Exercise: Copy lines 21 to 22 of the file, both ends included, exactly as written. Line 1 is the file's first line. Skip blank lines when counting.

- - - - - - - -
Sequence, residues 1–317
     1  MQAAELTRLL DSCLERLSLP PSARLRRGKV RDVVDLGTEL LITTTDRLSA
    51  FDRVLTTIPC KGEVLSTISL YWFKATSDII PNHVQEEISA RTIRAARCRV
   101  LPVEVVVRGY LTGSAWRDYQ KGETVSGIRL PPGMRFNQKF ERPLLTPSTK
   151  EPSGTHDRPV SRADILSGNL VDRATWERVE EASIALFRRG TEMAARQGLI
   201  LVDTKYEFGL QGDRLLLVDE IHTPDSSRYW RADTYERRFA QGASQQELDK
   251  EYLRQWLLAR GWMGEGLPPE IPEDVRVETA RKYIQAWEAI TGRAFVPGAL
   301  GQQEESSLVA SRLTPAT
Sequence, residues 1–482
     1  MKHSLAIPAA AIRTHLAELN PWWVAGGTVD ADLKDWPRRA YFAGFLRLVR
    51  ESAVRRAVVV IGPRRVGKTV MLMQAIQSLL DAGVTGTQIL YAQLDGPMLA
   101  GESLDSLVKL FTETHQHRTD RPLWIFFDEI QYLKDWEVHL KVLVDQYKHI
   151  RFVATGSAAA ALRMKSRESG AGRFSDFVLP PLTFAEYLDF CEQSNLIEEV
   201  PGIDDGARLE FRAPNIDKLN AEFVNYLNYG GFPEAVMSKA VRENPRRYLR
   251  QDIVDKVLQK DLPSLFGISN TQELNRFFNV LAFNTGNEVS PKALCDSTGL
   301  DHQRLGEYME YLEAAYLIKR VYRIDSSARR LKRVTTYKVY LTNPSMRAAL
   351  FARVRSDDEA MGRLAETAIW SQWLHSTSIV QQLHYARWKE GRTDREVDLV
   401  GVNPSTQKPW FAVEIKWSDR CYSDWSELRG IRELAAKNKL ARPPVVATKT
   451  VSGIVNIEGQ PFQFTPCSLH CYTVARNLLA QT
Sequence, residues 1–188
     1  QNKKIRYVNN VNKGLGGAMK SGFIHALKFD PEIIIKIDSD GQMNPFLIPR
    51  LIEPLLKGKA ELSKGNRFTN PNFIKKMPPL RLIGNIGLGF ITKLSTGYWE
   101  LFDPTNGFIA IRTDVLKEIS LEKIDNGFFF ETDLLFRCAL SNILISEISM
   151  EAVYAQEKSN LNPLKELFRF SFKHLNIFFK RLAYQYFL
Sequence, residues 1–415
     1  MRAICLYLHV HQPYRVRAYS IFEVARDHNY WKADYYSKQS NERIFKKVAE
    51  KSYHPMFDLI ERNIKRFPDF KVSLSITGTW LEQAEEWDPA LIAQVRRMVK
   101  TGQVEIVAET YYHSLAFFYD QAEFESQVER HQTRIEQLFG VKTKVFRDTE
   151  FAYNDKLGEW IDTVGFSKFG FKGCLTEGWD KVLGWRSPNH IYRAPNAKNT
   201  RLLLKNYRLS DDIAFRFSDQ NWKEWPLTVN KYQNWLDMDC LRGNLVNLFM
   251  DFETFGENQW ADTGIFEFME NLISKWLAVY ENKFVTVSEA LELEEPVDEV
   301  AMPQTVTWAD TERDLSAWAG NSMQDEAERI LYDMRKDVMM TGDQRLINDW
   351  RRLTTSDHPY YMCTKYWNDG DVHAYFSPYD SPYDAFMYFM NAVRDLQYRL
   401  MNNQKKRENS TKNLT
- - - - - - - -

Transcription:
     1  QNKKIRYVNN VNKGLGGAMK SGFIHALKFD PEIIIKIDSD GQMNPFLIPR
    51  LIEPLLKGKA ELSKGNRFTN PNFIKKMPPL RLIGNIGLGF ITKLSTGYWE